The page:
A U.K. study shows diners aren't fans of gimmicky plating like jars, shovels, and shoes. 

By Elisabeth Sherman
Updated August 23, 2017
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| Credit: Kristin Lee

You may have noticed in your dining adventures that some restaurants, in an effort to be creative or silly or exciting, have turned away from the common dinner plate. They’re serving their meals in shoes, shovels, or the actual kitchen sink. These gimmicks can certainly be fun, but as it turns out, most people would rather have their food served the old fashioned way: on a plain old dinner plate.

YouGov Omnibus surveyed 2,030 Brits to find out how people really feel about these more offbeat methods of serving meals, showing them “ unconventional eating vessels,” culled from the Instagram account We Want Plates, dedicated solely to non-plate outrage. The researchers asked respondents which of the items they thought were acceptable at the dinner table.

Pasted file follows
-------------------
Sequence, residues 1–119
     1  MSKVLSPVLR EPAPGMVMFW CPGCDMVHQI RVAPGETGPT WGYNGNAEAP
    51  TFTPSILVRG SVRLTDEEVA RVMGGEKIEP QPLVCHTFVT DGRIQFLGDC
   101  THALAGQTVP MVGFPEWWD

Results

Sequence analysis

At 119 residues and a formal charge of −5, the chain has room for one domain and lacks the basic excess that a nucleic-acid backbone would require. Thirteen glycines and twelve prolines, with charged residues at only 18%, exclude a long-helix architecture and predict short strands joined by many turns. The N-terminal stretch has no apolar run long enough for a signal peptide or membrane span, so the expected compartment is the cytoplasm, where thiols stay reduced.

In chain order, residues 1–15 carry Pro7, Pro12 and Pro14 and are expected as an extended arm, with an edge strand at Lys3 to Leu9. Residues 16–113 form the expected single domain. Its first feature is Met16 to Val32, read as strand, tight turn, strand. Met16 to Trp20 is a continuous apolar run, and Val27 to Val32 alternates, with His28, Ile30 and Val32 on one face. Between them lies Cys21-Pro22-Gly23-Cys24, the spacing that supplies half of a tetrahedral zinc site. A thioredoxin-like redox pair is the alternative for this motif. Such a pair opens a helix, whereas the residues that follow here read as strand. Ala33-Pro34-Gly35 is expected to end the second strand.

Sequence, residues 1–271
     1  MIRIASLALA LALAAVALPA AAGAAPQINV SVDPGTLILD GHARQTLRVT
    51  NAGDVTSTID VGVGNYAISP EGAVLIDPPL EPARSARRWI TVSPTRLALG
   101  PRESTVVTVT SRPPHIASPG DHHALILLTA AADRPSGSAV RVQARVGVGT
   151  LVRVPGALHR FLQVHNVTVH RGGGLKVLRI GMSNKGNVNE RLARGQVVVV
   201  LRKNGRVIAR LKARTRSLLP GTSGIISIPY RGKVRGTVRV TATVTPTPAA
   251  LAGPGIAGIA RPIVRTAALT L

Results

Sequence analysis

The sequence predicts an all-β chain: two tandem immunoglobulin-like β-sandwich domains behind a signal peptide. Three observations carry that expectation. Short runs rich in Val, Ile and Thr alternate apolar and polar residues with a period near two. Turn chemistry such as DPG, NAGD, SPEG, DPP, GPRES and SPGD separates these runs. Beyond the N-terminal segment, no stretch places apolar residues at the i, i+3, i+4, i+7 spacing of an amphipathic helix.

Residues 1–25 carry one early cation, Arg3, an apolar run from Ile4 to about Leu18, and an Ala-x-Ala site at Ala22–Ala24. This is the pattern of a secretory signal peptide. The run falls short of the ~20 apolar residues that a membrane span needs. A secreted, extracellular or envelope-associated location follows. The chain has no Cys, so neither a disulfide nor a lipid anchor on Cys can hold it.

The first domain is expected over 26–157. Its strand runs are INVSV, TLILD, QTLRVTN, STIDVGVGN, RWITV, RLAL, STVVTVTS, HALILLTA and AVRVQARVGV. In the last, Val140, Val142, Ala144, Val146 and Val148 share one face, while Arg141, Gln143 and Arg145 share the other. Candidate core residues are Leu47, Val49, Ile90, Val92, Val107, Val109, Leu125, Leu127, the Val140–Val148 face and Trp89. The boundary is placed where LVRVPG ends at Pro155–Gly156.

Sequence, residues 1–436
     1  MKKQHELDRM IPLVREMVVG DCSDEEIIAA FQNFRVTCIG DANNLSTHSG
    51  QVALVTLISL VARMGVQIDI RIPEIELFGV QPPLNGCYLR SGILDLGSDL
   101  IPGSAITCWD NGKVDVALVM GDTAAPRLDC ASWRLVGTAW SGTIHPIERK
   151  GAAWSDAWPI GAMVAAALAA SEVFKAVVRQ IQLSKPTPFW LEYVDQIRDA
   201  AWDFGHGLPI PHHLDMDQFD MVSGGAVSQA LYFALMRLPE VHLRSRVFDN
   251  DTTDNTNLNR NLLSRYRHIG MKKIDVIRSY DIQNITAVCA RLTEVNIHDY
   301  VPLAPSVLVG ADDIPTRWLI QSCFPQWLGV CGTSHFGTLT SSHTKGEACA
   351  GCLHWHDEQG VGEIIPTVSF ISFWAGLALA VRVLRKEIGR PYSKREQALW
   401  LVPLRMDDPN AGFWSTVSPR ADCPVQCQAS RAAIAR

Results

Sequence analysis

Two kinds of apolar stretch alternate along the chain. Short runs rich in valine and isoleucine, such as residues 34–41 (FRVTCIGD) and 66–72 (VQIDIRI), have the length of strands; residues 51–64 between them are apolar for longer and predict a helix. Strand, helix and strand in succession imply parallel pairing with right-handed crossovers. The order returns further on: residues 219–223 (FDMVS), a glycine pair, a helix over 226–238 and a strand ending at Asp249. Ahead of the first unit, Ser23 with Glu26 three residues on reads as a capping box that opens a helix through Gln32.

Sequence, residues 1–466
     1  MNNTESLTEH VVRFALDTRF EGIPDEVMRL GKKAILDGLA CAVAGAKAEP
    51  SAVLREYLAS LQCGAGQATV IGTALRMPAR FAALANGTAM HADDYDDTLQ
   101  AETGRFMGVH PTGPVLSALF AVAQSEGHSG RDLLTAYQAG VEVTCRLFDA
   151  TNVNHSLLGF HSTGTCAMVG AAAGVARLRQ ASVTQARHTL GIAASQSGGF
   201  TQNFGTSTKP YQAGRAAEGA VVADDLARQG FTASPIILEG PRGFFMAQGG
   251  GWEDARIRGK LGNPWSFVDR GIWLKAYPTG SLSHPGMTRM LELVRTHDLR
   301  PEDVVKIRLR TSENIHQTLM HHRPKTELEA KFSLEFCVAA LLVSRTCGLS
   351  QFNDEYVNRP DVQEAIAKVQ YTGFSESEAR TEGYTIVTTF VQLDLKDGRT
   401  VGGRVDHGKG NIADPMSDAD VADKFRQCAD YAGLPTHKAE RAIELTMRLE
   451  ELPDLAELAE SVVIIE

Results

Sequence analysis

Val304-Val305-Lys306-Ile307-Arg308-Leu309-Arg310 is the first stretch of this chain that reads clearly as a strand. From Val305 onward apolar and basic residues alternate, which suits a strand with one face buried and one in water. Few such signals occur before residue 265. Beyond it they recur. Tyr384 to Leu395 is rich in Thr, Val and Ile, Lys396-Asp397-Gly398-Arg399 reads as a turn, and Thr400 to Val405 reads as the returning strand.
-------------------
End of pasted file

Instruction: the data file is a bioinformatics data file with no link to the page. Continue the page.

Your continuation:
Perhaps unsurprisingly, shoes were deemed most unacceptable as a vessel for food, with their connotations of unwashed, smelly feet. Only 9 percent of respondents said they’d eat out of a shoe. Surprisingly, only 18 percent of people said eating out of a jar would be acceptable at a restaurant, while 17 percent said they’d eat off a shovel.

So what did the survey’s participants say they’d like to eat off most? A regular circular plate was their first choice, with 99 percent of respondents saying this item is the most acceptable choice for a restaurant to serve their dinner on. A square plate came in second, with 96 percent of people approving of the choice. They also said that slates and wooden boards are appropriate at the dinner table (though less so than plates), and, in a twist, 52 percent of people said that even flower pots would be acceptable dinnerware (which seem far less reasonable than a jar, but hey, the people have spoken).

Will restaurants take heed of these results? Probably not. Unconventional plating is a great way to get your business attention on social media. But the survey does at least prove that the classics never go out of style.